Recently Missive Maven wrote a really interesting post about Christmas cards and I thought perhaps I'd add my two cents worth to the topic as well. You can read her post here.
My stand on holiday cards is this: I don't send them. Not because I don't celebrate religious holidays, or whatever. There's two reasons I don't send them and they're pretty simple:
1) I basically see Christmas cards and so on as tools to help those who don't usually write letters or notes. As I already write loads of letters, notes, postcards, etc, I'm happy to just keep on doing that.
2) I really don't want to presume that the person I'm writing to celebrates the Annual Feast of the Harpooned Goat-herder, or whatever.
Christmas is a big deal in my family. We're not religious but in typical Aussie fashion we all get together over a roast turkey and a few beers at Christmas time and exchange a few gifts. For me, it's more about family and I travel about 700kms every year to spend Christmas with mine. Sometimes it's the only day in the whole year that we all manage to get together, so on that level Christmas is incredibly meaningful to me. It also signals great weather, a few days of lazing around at the beach and, hopefully a cracking thunderstorm somewhere in the mix.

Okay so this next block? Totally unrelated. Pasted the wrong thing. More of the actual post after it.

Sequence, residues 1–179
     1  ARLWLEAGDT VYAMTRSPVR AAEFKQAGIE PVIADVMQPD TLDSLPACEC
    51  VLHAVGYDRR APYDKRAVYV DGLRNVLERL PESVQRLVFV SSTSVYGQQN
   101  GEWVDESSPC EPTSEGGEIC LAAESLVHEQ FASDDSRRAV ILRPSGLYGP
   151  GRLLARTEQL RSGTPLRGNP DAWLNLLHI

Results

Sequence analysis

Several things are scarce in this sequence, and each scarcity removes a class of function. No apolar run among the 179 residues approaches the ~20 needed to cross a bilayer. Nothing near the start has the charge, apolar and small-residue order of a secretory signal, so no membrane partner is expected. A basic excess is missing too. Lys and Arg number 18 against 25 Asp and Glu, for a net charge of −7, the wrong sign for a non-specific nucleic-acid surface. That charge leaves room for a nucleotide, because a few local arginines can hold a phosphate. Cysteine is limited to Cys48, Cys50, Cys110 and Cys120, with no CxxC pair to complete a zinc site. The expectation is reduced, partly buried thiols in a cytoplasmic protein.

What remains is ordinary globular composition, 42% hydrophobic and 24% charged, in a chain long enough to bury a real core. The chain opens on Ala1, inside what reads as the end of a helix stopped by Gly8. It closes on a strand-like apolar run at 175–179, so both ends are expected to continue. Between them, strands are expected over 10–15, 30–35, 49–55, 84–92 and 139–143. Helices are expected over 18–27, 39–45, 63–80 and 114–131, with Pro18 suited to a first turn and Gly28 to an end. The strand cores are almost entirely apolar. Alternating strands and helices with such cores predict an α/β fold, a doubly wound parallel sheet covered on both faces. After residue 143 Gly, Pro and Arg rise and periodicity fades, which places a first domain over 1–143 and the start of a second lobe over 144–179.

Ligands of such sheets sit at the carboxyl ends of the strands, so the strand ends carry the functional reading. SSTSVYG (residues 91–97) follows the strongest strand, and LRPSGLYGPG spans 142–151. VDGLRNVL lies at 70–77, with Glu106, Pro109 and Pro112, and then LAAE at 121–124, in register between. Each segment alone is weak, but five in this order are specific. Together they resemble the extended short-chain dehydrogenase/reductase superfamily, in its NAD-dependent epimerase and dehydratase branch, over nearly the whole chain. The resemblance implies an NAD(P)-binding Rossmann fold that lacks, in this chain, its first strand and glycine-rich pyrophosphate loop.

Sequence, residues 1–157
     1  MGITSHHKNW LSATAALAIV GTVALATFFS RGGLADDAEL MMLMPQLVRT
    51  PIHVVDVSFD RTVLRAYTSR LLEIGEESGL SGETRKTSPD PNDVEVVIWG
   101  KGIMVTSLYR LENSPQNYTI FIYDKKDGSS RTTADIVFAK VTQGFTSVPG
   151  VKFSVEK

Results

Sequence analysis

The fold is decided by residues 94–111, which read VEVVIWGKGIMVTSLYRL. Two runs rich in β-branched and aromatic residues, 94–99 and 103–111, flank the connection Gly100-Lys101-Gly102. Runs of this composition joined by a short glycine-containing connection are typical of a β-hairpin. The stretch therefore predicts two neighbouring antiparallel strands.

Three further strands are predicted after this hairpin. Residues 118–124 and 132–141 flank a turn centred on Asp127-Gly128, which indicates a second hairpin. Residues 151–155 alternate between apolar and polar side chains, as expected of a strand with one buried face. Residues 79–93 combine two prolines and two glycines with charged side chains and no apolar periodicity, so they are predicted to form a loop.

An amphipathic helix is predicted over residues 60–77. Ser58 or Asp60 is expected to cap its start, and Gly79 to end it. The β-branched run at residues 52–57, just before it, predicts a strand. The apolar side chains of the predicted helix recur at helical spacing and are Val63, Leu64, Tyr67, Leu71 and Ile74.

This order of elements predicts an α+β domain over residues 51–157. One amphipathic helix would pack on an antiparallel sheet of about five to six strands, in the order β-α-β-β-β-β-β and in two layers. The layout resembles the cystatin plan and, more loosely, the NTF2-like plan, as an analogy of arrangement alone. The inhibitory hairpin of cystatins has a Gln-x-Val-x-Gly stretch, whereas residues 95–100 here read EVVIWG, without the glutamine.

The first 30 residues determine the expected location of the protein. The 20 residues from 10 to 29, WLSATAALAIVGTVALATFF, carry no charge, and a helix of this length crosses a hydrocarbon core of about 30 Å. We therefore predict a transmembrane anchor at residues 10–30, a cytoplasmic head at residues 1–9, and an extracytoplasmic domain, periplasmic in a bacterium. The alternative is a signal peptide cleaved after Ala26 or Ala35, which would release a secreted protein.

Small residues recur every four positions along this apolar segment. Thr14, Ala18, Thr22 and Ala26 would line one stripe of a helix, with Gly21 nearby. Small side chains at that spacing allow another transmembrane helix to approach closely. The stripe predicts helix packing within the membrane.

In Australia, we don't have Thanksgiving (for obvious reasons) and Halloween and Easter aren't treated as very big deals. Easter is the time everyone heads to the bush or the beach for a nice long weekend. But Christmas is a huge deal here and Christmas cards have always played a starring role. It never ceases to amaze me how people who hardly know what a stamp looks like the other 11 months of the year pile into the post office with their precarious stack of Chrissy cards to everyone they've ever known, including the postman.
I have no problem at all with people sending holiday cards, and they can send them to me if they wish. I'll happily write back, it just won't be on a Christmas card.
Love from Kaz